- Yet another variation had a different ending, with Mickey Mouse and other Disney characters decorating a giant Christmas tree in front of the Sleeping Beauty Castle before the establishing crane shot captures an animated Tinker Bell lighting it up with her wand.
- In 1991, a follow-up to this commercial, called "Hilltop Reunion" and directed by Jeff Lovinger, aired during coverage of Super Bowl XXV. It featured the original singers (now adults) and their children, and culminated in a medley of this song and the then-current "Can't Beat the Real Thing" jingle.
- In 1996 the hilltop commercial was referenced in the rap lyrics of the "Get Real" Coca-Cola campaign.
- G. Love remade the song for the Coca-Cola Zero commercial "Everybody Chill", which aired in 2005.
- In 2006, the song was used again in a Coca-Cola commercial in the Netherlands, performed by Dutch singer Berget Lewis.
- In 2010, Coca-Cola once again used the song in a television commercial featuring the entire line of its sponsored NASCAR Sprint Cup drivers. The commercial included the drivers singing the song while driving in a race.
- In 2011, information on how many dollars it would take "to buy the world a Coke" was given in a commercial featuring the red silhouette of a Coke bottle and the melody of the song.
Significance and reception
In 2007, Campaign magazine called it "one of the best-loved and most influential ads in TV history". It served as a milestone--the first instance of the recording industry's involvement with advertising.
Marketing analysts have noted Coca-Cola's strategy of marrying the idea of happiness and universal love of the product illustrated by the song.
The commercial has continued receiving accolades in more recent times. In 2000, Channel 4 and The Sunday Times ranked the song 16th in the 100 Greatest TV Ads, while ITV ranked the advertisement 10th in their list of the greatest advertisements of all time by in 2005.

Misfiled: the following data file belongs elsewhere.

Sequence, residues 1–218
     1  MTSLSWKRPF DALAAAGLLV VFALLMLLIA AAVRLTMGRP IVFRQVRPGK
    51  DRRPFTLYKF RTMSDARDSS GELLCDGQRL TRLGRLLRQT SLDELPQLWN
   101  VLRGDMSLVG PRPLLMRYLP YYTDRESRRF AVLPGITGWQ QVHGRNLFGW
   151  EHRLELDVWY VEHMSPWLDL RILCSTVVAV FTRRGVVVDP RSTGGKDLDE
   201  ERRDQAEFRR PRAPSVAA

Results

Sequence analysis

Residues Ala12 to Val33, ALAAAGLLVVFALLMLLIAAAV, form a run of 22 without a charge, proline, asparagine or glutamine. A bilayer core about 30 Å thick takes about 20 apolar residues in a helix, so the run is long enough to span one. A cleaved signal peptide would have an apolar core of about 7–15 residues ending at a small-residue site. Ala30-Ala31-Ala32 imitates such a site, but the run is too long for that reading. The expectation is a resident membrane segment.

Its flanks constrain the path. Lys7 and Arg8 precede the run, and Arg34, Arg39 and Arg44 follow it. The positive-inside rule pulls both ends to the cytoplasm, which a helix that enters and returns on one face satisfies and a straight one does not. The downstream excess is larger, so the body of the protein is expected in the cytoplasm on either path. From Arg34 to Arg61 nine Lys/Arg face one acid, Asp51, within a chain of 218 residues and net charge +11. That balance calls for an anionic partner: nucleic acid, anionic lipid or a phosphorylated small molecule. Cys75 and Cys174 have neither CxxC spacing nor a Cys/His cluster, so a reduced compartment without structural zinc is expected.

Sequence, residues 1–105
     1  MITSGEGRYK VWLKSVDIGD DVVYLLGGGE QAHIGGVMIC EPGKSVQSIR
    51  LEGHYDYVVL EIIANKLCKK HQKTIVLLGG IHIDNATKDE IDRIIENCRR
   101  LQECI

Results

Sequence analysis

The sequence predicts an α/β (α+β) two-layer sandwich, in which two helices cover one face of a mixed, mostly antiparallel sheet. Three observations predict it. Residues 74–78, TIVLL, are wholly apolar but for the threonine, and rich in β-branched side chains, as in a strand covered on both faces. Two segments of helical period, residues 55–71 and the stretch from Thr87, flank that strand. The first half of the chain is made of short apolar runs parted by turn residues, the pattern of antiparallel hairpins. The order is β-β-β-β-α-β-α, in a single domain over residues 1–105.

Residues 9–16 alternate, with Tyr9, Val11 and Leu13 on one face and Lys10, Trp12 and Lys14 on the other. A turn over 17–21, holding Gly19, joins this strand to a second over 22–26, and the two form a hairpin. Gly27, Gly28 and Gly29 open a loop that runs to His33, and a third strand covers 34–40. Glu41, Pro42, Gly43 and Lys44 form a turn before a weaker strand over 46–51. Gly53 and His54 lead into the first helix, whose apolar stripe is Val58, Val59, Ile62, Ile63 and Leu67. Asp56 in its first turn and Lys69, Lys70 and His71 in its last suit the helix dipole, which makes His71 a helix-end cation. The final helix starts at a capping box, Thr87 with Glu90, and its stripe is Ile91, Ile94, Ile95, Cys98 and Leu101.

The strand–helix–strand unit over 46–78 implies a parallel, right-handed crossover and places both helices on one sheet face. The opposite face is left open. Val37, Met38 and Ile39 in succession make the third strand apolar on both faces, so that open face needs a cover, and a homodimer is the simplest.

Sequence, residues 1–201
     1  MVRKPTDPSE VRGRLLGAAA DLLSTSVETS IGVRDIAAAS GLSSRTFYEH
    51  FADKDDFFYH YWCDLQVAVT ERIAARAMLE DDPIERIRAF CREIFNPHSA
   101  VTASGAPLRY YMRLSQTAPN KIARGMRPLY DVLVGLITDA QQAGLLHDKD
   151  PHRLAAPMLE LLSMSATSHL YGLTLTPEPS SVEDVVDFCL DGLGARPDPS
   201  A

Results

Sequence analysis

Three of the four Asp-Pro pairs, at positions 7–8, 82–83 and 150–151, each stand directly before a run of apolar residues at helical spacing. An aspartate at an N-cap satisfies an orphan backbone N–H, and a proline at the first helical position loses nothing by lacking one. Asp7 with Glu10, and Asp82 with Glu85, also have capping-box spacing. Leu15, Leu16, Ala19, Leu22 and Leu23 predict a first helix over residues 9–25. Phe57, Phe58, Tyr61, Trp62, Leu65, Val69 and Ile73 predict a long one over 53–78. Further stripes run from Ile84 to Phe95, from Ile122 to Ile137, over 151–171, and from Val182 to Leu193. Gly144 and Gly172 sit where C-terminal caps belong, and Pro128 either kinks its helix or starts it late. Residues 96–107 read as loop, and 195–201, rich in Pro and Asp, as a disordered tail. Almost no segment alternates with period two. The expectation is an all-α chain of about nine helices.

The Hillside Singers
After the TV commercial aired, radio stations began to get calls from people who liked it. Billy Davis' friends in radio suggested he record the song, but not as an advertising jingle. It became so popular that the song was rewritten without brand name references and expanded to three verses. Davis recruited a group of studio singers to take it on because The New Seekers did not have time to record it. The studio group named themselves The Hillside Singers to identify with the ad, and within two weeks the song was on the national charts. The Hillside Singers' version reached #13 on the Billboard Hot 100 and #5 on Billboard's Easy Listening chart. Billboard ranked this version as the No. 97 song for 1972.
The New Seekers
The New Seekers later recorded the song and sold 96,000 copies of their record in one day, eventually selling 12 million total. "I'd Like to Teach the World to Sing (In Perfect Harmony)" climbed to UK #1 and US #7 in 1971 and 1972. The song became a gold record in the U.S., and has also sold over a million copies in the UK. The Coca-Cola Company waived royalties to the song and instead donated $80,000 in payments to UNICEF.Billboard ranked this version as the No. 93 song for 1972.
New Seekers version
|U.S. Billboard Hot 100
Hillside Singers version
|U.S. Billboard Hot 100
Covers and inspiration for other music
- A Japanese version was recorded in 1972, 3 people would later become members of The Candies the following year.
- The British rock band Oasis was sued after their recording "Shakermaker" borrowed its melody and some lyrics directly; they were forced to change their composition.
- Oasis tribute band No Way Sis released a cover of "I'd Like to Teach the World to Sing", entering the British charts at number 27 in 1996.